h?? The very name suggests opulence, jet set living and a supposed European sophistication that the British both long for and at the same time reject. All in all this advert is far cleverer than most people give it credit for. It clearly works on many levels, not least of which is selling the product to a mass market. Bibliography Berger, John, Sven Blomberg, Chris Fox, Michael Dibb, Richard Hollis, Ways Of Seeing, British Broadcasting Corporation and Penguin Books: London, 1972.
Not quite I fear, there must be worse ones, but I'm clearly blocking them out at the present moment! The lip syncing is especially bad, or the accents on those peopl are far far too scary for them to be allowed out into civilisation.. they should be confined to their dinner party and only allowed to eat the stupid things, then we'd see how much we were spoiling them! But it certainly did the job, and everyone remembers the ad (a bit like the shake and vac one!) LOL, and I'm sure they've more than recouped the cost of it, so at least it was a commercial success, if not a popular one!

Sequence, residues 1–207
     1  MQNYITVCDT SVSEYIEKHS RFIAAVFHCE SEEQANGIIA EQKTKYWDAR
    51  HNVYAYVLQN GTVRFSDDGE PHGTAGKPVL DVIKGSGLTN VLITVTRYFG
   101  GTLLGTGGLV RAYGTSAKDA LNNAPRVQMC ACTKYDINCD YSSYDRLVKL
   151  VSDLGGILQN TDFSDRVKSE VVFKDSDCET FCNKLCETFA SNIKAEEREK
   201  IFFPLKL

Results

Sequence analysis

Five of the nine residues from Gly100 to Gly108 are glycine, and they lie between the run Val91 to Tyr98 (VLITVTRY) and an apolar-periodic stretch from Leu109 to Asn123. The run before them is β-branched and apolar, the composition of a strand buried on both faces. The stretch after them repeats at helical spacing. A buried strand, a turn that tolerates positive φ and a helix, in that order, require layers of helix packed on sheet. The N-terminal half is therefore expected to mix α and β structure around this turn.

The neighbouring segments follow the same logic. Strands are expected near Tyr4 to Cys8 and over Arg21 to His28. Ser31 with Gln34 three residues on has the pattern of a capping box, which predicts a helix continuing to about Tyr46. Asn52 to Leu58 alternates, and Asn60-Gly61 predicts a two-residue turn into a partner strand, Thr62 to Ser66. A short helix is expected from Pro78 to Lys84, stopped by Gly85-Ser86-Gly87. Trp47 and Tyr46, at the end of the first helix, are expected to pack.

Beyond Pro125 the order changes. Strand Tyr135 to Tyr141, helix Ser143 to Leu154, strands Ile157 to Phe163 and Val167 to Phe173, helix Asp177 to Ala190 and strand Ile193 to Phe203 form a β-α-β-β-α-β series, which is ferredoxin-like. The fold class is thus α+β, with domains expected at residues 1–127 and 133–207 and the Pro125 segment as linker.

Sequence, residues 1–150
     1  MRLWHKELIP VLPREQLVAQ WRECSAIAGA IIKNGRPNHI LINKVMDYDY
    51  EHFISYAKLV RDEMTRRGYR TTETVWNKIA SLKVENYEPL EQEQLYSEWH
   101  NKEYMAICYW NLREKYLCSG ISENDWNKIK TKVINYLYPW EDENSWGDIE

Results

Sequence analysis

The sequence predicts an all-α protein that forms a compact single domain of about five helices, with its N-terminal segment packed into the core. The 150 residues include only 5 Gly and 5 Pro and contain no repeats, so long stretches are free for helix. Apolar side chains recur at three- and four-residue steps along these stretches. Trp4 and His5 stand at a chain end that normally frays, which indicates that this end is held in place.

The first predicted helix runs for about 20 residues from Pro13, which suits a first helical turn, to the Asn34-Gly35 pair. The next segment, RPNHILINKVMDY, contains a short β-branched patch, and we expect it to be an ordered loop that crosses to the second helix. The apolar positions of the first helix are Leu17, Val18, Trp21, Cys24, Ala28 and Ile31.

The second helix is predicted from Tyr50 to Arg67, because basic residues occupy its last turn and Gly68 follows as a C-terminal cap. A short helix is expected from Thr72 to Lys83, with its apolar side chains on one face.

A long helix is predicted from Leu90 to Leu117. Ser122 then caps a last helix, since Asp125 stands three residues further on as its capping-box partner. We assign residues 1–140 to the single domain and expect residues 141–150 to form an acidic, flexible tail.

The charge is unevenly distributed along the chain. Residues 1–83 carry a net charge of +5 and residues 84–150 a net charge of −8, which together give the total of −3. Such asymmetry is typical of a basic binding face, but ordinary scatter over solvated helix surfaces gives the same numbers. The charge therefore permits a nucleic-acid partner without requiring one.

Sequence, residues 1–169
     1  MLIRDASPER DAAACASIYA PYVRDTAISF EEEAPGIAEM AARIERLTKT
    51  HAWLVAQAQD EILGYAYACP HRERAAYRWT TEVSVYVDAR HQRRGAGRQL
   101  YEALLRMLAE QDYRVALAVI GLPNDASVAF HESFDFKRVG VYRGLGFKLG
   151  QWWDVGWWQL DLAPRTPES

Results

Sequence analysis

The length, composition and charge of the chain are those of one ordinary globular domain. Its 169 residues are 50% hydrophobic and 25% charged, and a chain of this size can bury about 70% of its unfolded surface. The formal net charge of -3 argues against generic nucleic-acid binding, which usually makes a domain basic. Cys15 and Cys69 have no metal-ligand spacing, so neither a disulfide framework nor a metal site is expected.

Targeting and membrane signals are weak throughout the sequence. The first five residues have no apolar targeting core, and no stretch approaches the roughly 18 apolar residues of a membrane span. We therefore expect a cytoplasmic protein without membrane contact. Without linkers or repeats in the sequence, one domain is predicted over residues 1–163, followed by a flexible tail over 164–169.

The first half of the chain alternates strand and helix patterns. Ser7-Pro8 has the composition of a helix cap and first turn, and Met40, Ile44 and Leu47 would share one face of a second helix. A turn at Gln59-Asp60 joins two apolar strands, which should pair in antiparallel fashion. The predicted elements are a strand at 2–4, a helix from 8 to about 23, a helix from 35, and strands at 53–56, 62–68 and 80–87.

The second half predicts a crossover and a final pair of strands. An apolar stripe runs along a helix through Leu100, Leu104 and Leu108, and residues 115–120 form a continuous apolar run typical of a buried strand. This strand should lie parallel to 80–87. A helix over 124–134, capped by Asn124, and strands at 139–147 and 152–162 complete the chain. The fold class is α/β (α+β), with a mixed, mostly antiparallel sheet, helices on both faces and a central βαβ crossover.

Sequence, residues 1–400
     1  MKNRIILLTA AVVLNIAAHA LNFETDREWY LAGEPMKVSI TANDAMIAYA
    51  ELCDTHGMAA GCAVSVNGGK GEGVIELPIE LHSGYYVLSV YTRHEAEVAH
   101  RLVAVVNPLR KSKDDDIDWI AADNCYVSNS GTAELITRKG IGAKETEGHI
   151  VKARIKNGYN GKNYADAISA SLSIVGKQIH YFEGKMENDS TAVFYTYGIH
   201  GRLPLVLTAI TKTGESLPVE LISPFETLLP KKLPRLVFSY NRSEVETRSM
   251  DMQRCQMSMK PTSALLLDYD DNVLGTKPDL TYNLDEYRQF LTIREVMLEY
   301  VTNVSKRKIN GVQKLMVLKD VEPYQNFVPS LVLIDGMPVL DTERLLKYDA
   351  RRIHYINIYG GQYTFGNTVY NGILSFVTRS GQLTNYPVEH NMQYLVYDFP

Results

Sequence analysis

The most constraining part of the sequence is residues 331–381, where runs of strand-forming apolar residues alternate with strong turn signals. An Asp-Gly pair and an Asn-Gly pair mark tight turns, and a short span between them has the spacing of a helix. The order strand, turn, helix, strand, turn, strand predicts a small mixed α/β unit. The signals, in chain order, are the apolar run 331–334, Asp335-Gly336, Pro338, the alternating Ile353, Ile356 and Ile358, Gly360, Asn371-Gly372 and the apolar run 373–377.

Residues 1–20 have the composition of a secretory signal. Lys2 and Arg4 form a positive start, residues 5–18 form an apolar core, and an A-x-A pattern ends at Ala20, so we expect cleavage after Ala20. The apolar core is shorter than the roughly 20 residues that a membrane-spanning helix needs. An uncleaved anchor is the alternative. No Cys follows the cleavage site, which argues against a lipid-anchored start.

The Ferrero Roche advert is one that everyone remembers with utter loathing, and yet it has entered the collective memory, just like the infamous "Shake n Vac" advert. It was obviously a marketing man's banal idea of giving their product an "upmarket" feel. After all what could be more upmarket than an Ambassador's reception? Sadly, it all fails. The actors appear to be dubbed, which is strange as the chappie carrying the tray of Ferrero Roche is John Abineri, great British Actor who played Herne in Robin of Sherwood, and has just recently passed away. The whole place has a tacky, badly lit feel to it. It felt dated when it first appeared (mid 80's?) and considering the long period over which it was shown, its dated feel has only gotten worse.
Jeez!...This ad makes me laugh, infact the whole series of ads! It's just pure cheese. You can tell this straight away from the cliche majestic music, and the rich snob international upperclasses who parade in this ad and speak in dub. But I think it's it's cheesiness is what's made it most popular and appealing; a kind of a reversed embrace in a way. I don't know if this was by accident or indeed by purpose, but whatever the motive it does seem that this Ferrero ad, and their other ads have stuck in peoples minds, and no doubt influenced the sale of a lovely confection in beautiful packaging. Ahh, but they are spoiling us with these...